On April 4, 2013, Mr. Meeks and Ms. Rank filed a notice of removal, asserting this court has diversity jurisdiction. (Docket 1). State Farm then filed a motion to remand this case back to the Fourth Judicial Circuit Court, Butte County, South Dakota. (Docket 6). In support of the motion, State Farm contends the court lacks jurisdiction because defendants' counterclaims cannot be used to calculate the amount in controversy. Id . State Farm also argues defendants' claims cannot be aggregated to satisfy the amount in controversy and asserts Mr. Meeks' amended counterclaim is improper. Id . The defendants oppose the motion. (Docket 8).

DISCUSSION

Generally, a civil case brought in state court can be removed by a defendant to federal court if the case could have been brought in federal court originally. 28 U.S.C. § 1441(a). Under 28 U.S.C. § 1332, this court has original jurisdiction of civil matters where the parties have completely diverse citizenship and the amount in controversy is greater than $75, 000, exclusive of interest and costs. See 28 U.S.C. § 1332(a). The determination about whether a federal court has removal jurisdiction is made on the basis of the record at the time of removal. Lexecon Inc. v. Milberg Weiss Bershad Hynes & Lerach , 523 U.S. 26, 43 (1998) ("Removal is permissible only where original jurisdiction exists at the time of removal or at the time of the entry of final judgment."). The party invoking federal diversity jurisdiction has the burden of establishing the amount in controversy meets the jurisdictional minimum. See Cent. Iowa Power Coop. v. Midwest Indep. Transmission Sys. Operator, Inc. , 561 F.3d 904, 912 (8th Cir. 2009); Bell v. Hershey Co. , 557 F.3d 953, 956 (8th Cir. 2009). All doubts as to the existence of federal jurisdiction are to be resolved in favor of remand. Cent. Iowa Power Coop. , 561 F.3d at 912 (citing Dahl v. R.J. Reynolds Tobacco Co. , 478 F.3d 965, 968 (8th Cir. 2007)); Bates v. Mo. & N. Ark. R.R. Co. , 548 F.3d 634, 638 (8th Cir. 2008) (citations omitted).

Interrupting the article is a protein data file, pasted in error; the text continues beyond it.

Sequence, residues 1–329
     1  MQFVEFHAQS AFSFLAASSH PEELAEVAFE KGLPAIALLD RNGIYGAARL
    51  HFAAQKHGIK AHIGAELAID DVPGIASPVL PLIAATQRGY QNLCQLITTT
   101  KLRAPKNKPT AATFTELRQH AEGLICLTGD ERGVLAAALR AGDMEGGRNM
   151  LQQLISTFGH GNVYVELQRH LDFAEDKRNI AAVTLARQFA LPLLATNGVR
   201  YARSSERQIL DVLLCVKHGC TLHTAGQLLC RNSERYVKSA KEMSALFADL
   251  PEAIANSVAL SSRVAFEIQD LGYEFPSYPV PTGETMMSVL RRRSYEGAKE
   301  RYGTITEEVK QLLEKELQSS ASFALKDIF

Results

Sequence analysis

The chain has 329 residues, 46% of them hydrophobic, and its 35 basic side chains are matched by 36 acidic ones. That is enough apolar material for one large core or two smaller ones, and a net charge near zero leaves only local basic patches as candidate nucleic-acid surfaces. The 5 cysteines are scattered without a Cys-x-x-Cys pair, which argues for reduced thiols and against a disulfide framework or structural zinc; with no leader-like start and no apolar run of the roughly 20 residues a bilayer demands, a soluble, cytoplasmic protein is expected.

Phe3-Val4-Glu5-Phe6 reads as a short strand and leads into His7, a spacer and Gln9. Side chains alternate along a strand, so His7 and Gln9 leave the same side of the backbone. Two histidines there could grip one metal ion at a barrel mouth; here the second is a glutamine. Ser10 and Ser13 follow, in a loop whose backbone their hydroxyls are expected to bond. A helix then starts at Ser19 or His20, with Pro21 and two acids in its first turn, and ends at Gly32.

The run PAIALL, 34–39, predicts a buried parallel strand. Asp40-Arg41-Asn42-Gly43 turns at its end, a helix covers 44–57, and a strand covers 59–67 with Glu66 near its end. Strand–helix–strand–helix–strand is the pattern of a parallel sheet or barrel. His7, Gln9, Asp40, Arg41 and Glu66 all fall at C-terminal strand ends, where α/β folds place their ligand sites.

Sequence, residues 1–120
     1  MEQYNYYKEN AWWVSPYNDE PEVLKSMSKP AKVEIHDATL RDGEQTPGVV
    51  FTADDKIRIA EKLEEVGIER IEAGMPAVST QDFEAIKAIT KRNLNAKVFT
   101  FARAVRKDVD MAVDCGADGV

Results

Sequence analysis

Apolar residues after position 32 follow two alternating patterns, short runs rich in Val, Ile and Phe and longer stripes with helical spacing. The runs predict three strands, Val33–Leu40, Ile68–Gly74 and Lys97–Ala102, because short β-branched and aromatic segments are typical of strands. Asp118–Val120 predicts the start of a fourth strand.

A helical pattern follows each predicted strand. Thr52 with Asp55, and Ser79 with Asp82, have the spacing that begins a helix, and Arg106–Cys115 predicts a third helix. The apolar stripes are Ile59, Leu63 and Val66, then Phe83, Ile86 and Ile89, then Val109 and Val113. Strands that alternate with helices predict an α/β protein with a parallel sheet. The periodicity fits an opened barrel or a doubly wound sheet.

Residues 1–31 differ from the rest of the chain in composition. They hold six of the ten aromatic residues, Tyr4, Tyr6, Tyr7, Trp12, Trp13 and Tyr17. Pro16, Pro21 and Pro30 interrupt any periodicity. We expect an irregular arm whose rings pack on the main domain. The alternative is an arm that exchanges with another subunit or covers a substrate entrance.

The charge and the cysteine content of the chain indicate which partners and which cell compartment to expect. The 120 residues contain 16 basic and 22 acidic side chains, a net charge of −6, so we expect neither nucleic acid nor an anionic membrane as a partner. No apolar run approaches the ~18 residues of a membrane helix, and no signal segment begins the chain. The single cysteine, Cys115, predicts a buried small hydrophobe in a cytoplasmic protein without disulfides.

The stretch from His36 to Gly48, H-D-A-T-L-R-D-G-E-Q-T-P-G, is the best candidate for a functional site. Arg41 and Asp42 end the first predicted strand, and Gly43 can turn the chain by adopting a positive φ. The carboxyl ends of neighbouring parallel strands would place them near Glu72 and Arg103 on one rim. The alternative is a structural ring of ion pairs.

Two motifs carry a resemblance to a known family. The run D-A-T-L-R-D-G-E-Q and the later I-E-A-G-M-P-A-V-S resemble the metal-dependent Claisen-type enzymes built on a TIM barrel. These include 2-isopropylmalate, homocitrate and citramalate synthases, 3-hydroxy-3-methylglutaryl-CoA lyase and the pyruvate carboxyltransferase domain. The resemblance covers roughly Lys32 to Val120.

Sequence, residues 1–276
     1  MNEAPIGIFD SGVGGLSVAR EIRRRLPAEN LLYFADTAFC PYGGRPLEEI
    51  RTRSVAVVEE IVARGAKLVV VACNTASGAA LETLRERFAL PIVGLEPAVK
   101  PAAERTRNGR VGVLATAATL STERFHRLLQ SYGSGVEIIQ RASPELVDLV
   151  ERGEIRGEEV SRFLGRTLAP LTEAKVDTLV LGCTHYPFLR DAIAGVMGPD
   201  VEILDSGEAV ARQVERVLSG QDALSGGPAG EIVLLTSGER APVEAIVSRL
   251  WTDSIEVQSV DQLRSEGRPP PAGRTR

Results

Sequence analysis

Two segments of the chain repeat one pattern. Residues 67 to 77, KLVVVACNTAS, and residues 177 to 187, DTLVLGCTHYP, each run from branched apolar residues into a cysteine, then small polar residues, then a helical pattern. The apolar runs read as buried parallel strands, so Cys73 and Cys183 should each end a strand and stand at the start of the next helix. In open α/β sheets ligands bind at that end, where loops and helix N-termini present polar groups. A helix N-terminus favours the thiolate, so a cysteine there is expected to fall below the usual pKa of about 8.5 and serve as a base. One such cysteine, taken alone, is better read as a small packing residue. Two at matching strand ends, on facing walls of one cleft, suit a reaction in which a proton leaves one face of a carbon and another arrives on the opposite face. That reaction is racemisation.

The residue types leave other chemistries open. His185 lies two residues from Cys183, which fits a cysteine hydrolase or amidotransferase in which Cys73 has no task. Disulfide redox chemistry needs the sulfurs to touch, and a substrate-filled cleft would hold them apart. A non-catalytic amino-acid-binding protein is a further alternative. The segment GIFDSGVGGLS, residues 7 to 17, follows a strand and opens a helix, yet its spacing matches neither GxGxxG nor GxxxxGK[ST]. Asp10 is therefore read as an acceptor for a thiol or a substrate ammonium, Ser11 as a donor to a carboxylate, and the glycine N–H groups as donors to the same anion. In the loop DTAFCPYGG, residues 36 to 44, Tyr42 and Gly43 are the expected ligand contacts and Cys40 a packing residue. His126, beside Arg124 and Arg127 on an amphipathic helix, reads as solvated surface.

If federal jurisdiction is apparent from the face of the complaint, a notice of removal must be filed within thirty days of the date the defendant is served with the summons and complaint. See 28 U.S.C. § 1446(b) (2006). Once a case is removed to federal district court, any motion to remand the matter back to state court must be made within thirty days of the notice of removal. See 28 U.S.C. § 1447(c) (2006).

On March 5, 2013, Ms. Rank was personally served with the summons and complaint. On April 4, 2013, Mr. Meeks filed an amended answer and counterclaim and Ms. Rank filed her original answer and counterclaim. (Docket 6-4). On April 4, 2013, Mr. Meeks and Ms. Rank filed a notice of removal, asserting this court has diversity jurisdiction. (Docket 1). State Farm moved to remand on May 2, 2013. (Docket 6). Both the notice of removal and the motion to ...